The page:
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They're gearing up — Christian conservatives turn to statehouses

This is what I have been talking about. Progressives have to work at the local level to stop these wingnuts. They want to roll the social clock back by passing legislation in the state houses. In North Carolina, we fought off two bills to put to a public vote an amendment to the state constitution on same sex-marriage. The wingnuts are planning to bring it back up again when the legislature reconvenes in January. They must be stopped. (NYT):

…”I think people are becoming emboldened,” said Michael D. Bowman, director of state legislative relations at Concerned Women for America, a conservative Christian advocacy group based in Washington. “On legislative efforts, they’re getting more gutsy, and on certain issues, they may introduce legislation that they normally may not have done.”

Mike Pulizzi praying in the South Dakota Senate gallery as senators debated a bill to outlaw abortion. Photo: Doug Dreyer/Associated Press

It is on the state level “where most family issues are decided,” Mr. Bowman said. And it is there that local advocacy groups hope to build quickly on the momentum from the election when legislatures convene in the new year.

…”People were mobilized during the election and they’re still mobilized,” said Judy Smith, Kansas state director for Concerned Women for America, which is working to put a measure on the ballot in 2006 to amend the Kansas Constitution to ban same-sex marriage. “We would be stupid not to act now. This is exactly what we had hoped for.”

Groups like the American Civil Liberties Union and Planned Parenthood cautioned that despite surveys of voters leaving the polls showing that President Bush was supported by 80 percent of those who listed “moral values” as their top concern, conservative Christians might not have gotten the mandate they say they have.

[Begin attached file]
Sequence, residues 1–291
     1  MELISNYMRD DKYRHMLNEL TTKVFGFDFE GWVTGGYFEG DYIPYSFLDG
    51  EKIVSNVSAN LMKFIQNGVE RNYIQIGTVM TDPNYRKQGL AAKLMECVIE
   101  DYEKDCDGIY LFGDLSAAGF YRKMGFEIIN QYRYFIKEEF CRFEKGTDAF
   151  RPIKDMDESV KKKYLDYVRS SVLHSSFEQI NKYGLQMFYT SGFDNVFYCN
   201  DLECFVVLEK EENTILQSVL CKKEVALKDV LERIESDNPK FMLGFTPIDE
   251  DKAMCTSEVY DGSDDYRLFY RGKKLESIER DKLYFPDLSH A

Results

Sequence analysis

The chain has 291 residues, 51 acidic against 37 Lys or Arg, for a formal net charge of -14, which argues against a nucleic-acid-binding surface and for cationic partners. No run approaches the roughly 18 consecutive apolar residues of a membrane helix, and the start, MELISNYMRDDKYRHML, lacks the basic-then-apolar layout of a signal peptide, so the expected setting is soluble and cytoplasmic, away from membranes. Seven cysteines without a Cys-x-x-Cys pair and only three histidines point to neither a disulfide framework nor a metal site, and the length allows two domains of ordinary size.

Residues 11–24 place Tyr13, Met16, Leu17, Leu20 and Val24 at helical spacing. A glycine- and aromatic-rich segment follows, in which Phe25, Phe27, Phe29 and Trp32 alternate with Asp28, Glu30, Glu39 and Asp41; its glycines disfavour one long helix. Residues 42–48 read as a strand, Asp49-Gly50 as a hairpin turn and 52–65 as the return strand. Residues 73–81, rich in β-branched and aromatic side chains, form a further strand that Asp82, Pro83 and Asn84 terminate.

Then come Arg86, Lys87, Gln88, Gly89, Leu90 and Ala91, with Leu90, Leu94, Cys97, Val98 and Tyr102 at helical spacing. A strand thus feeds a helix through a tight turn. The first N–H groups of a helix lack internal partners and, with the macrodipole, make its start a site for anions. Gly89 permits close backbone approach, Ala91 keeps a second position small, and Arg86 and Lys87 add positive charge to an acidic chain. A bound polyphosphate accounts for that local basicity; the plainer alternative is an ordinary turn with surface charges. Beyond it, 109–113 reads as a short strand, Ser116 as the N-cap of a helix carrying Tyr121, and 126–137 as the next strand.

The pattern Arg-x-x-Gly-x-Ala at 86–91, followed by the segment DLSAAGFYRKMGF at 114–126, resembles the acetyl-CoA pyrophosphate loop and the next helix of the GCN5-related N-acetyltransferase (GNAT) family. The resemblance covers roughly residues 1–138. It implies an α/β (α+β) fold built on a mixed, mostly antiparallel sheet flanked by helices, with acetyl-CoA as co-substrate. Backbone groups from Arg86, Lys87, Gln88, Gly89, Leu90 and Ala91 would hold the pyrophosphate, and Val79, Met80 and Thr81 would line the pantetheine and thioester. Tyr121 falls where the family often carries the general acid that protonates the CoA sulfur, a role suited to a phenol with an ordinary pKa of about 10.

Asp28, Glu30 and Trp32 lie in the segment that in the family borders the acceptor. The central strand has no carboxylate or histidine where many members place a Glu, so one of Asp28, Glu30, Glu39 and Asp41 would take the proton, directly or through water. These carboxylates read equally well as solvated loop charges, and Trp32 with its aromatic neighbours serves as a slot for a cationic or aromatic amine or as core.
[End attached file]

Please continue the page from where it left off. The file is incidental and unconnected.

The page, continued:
It’s important to underscore that there are large portions of the country that believe in gay rights and in a woman’s right to choose,” said Anthony D. Romero, executive director of the American Civil Liberties Union.

One state where liberals and conservatives expect a bold step is South Dakota, where conservatives were instrumental in unseating the Senate minority leader, Tom Daschle. Last year, the State Legislature passed a bill banning abortions, except when a woman’s life is in danger or she might suffer irreparable harm.

The bill was vetoed by Gov. Mike Rounds, a Republican, because of imprecise language, liberal and conservative advocates said. The wording was changed accordingly, and the bill will probably be reintroduced and signed this time by the governor, they said. Kate Looby, the state director for Planned Parenthood, said conservatives might feel more confident this time because they expect Mr. Bush to appoint Supreme Court justices who will eventually overturn Roe v. Wade, the 1973 Supreme Court decision that established a woman’s right to an abortion.

Liberal advocacy groups say they plan to fight many of these efforts. But Mr. Romero of the A.C.L.U. said that beyond filing legal challenges, liberals needed to appropriate the language of morality from Christian conservatives to capture the popular imagination.

“Lawsuits are about telling stories, and we need to talk about why we picked this case and why it’s important,” he said. “For instance, we need to ask, where is the morality when a partner of 20 years is denied hospital access because a state doesn’t believe in gay marriage? Where is the morality in forcing a teenage girl into a back-alley abortion?”

Conservative state officials, like Ms. Martin in Kansas, say they are responding to an increasingly vocal constituency that has already made up its mind about moral issues and wants to shape public policy.

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Pam Spaulding

Pam Spaulding